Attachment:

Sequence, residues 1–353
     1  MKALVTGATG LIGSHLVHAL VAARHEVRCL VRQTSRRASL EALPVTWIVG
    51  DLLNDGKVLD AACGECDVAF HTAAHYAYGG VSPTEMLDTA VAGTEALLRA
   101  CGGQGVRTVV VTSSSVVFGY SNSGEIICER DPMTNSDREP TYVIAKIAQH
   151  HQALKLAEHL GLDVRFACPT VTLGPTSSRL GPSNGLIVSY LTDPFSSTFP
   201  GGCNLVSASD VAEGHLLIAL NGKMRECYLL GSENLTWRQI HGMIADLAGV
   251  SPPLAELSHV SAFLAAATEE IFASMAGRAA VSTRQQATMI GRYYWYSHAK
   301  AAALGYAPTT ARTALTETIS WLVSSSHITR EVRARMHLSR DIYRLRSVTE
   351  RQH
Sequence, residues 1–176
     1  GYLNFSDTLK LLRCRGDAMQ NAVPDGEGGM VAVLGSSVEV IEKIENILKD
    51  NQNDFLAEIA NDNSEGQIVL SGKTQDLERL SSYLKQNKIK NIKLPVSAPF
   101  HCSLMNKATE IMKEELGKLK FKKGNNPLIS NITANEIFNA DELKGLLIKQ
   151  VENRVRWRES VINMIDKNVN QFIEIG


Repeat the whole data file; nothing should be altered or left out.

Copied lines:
Sequence, residues 1–353
     1  MKALVTGATG LIGSHLVHAL VAARHEVRCL VRQTSRRASL EALPVTWIVG
    51  DLLNDGKVLD AACGECDVAF HTAAHYAYGG VSPTEMLDTA VAGTEALLRA
   101  CGGQGVRTVV VTSSSVVFGY SNSGEIICER DPMTNSDREP TYVIAKIAQH
   151  HQALKLAEHL GLDVRFACPT VTLGPTSSRL GPSNGLIVSY LTDPFSSTFP
   201  GGCNLVSASD VAEGHLLIAL NGKMRECYLL GSENLTWRQI HGMIADLAGV
   251  SPPLAELSHV SAFLAAATEE IFASMAGRAA VSTRQQATMI GRYYWYSHAK
   301  AAALGYAPTT ARTALTETIS WLVSSSHITR EVRARMHLSR DIYRLRSVTE
   351  RQH
Sequence, residues 1–176
     1  GYLNFSDTLK LLRCRGDAMQ NAVPDGEGGM VAVLGSSVEV IEKIENILKD
    51  NQNDFLAEIA NDNSEGQIVL SGKTQDLERL SSYLKQNKIK NIKLPVSAPF
   101  HCSLMNKATE IMKEELGKLK FKKGNNPLIS NITANEIFNA DELKGLLIKQ
   151  VENRVRWRES VINMIDKNVN QFIEIG